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Grieving 2.0: As Students Turn to Facebook to Mourn, How Should Parents, Teachers and Counselors React?

Written By Colleen Brondou
Last updated: February 13, 2023

With Facebook supplanting grief counselors as an outlet for grieving teens, schools need to participate in the process.

Teen Mourning in the Web 2.0 Era

Last March, after a 16-year-old boy was killed by a Long Island Rail Road train in an apparent suicide, within hours two Facebook groups had more than 600 members commemorating him, and countless status updates about the incident.

“We will miss you Mike,” one such Facebook group, includes 25 photos of the teen, countless posts of condolence and a link to a newspaper article covering the event.

Before the Internet, students dealt with tragedy by talking to friends on the phone, listening to their parents and learning the rest at school or in the newspaper the next day. But with the Internet has come the ability to widely disseminate information, and the ability to instantly congregate, at least virtually, and commiserate.

Grief counselors always worry how other students may react, particularly in the case of suicide, with the potential for copycat cases. In this Web 2.0 era, how can parents, educators and counselors adapt to the instant, widespread dissemination of tragic news and the new forums for mourning?

Using Facebook to Mourn

Although a relatively new service, in countless cases, Facebook has provided an outlet for the grieving process, even alllowing parents to commiserate with their children’s friends.

After the shooting at Virginia Tech University on April 16, 2007, students and alumni used Facebook to commemorate friends who had died and share information, Jesse North reported for Temple News.

“We could all support each other this way,” Tina Diranian, creator of a Facebook memorial group for a student that died at Virginia Tech, told North. “We were all scattered around the country, but this was a way we could be together.”

Dr. Sara Corse, a grief counselor at Philadelphia’s Council for Relationships, says the Internet and sites such as Facebook are beneficial ways for people to mourn. “What the Internet does for people is it allows, at any time or place that suits the person’s emotional schedule, access to information and other people’s feelings about something,” Corse told North. “It’s a way people can move out of social isolation.”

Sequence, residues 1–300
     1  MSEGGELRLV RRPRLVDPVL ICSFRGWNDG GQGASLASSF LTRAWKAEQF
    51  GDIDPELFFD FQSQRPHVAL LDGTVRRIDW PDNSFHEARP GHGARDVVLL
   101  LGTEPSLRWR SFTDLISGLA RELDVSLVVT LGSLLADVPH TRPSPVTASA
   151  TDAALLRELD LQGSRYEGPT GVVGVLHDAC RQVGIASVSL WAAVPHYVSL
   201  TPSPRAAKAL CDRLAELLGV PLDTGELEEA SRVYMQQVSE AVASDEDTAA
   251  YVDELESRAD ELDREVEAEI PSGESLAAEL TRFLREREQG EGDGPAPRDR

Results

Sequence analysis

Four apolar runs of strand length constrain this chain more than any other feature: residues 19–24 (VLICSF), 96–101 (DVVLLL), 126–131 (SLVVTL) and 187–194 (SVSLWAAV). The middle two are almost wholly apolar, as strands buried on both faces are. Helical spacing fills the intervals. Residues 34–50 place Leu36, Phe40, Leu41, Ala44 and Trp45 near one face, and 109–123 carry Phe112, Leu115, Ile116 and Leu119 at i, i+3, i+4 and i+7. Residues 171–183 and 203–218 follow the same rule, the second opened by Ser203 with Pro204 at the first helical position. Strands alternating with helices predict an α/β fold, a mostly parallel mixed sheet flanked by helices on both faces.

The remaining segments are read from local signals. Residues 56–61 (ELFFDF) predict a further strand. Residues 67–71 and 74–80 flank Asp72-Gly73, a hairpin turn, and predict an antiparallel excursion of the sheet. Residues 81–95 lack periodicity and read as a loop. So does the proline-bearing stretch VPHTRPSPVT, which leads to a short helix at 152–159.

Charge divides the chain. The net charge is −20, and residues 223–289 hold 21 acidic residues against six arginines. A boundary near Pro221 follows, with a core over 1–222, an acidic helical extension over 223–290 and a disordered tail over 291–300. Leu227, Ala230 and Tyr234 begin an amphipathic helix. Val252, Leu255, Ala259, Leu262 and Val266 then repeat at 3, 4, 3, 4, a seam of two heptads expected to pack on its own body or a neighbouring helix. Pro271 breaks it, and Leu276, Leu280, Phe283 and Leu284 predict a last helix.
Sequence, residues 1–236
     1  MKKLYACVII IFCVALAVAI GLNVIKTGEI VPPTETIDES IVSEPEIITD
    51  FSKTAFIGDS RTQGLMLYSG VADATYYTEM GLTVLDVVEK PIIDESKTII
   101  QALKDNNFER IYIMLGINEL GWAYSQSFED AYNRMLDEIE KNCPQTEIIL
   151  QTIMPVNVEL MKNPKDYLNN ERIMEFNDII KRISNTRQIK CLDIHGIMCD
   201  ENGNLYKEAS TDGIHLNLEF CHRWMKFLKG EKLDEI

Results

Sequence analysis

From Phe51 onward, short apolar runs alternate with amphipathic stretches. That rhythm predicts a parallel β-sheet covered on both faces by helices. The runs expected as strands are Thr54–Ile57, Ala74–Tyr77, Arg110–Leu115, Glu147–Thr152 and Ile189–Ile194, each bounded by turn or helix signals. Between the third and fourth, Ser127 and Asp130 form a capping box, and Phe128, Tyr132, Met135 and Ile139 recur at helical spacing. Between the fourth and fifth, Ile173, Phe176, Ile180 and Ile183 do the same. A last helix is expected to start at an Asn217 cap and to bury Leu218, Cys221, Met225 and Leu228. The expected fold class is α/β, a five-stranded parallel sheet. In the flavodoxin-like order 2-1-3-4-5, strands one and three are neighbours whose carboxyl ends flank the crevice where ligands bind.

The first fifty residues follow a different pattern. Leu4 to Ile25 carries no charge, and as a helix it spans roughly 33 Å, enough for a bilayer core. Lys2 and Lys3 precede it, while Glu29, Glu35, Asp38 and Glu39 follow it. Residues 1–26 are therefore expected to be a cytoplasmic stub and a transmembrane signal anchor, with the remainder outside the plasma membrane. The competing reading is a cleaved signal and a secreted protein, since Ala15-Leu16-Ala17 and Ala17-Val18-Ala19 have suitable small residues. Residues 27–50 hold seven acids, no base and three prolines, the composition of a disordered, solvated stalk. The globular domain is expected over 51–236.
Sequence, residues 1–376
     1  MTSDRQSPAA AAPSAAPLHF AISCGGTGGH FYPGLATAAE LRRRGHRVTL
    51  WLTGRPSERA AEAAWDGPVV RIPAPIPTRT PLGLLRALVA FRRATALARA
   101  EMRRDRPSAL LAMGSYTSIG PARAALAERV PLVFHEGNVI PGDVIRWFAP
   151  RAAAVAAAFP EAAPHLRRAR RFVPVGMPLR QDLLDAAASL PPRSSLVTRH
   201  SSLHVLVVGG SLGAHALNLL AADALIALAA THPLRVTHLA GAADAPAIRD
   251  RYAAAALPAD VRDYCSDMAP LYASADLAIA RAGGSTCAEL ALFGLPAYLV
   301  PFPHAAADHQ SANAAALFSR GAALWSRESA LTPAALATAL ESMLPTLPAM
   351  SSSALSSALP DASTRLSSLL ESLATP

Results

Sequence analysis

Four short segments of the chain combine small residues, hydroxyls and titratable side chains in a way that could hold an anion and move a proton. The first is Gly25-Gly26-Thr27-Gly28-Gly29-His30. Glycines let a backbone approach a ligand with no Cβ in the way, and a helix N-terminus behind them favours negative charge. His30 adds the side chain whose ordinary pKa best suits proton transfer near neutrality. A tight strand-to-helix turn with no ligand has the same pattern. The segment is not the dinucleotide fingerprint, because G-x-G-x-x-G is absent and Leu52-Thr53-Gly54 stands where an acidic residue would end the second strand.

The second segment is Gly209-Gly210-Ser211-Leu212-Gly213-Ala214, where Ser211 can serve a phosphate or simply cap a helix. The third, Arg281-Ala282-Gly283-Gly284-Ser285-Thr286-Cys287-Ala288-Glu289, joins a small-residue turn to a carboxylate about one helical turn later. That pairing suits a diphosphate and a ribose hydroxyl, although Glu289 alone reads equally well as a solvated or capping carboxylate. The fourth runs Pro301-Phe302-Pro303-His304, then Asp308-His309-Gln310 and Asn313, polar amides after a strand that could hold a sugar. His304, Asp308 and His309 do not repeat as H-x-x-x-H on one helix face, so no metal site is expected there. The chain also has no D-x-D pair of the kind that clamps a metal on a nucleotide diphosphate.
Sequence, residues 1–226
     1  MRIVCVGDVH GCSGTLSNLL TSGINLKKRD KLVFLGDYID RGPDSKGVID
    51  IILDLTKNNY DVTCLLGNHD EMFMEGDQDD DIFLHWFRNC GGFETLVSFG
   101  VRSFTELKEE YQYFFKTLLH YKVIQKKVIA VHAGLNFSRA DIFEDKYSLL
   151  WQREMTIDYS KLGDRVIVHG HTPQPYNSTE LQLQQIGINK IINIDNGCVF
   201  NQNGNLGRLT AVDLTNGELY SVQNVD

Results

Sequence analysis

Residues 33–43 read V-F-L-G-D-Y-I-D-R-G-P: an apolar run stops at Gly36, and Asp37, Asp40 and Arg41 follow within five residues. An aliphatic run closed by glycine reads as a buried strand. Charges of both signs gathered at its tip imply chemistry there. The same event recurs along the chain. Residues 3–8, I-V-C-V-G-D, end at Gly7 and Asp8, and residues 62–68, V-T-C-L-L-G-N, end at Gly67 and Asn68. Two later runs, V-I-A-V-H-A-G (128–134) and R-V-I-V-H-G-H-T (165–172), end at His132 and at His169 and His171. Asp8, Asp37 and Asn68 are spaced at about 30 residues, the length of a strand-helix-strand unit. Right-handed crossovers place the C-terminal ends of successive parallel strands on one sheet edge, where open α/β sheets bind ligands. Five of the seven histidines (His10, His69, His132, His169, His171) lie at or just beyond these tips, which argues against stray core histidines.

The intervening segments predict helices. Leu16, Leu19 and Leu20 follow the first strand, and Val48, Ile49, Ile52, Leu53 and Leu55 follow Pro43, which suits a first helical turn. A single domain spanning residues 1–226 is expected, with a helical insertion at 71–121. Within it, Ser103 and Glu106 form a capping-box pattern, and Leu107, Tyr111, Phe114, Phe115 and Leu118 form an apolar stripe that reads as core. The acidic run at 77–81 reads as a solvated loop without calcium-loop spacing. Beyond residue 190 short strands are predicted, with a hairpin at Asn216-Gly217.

After a car accident claimed the lives of four high school students in New Brunswick, Canada, in September 2007, student Jessica Richard told CBC News, “They have grief counsellors there at the school, but no one really wants to talk to them.” Instead, students flocked to Facebook.

Psychologist Charles Emmrys told CBC that in an online environment, it’s possible to “express the emotions that you have with a lot more honesty, with a lot more clarity” than in a face-to-face counseling session.

Some Educators Participate in the Process

Sources in this Story

  • Long Island Press: Teen Struck, Killed by Train in Lynbrook
  • Facebook: We will miss you Mike
  • The New York Times (Temple News): Parents of Dead Students Use Facebook to Reconnect
  • CBC News: Mourning students likely to turn to Facebook, not counsellors: psychologist
  • Gladly Would I Teach: Grieving on Facebook
  • Murry’s World: Why Teachers Should ‘Friend’ Students Online
  • Fast Company: Has Twitter Handicapped Our Ability to Mourn?

Edie Parrott, an English teacher at Kennesaw Mountain High School in Georgia, saw firsthand the power of Facebook to help educators communicate with students. On her blog, Gladly Would I Teach, Parrott wrote about the death of a teacher who passed away on a Friday afternoon before a three-day weekend. Teachers and administrators were concerned about alerting students before they returned to school the following Tuesday.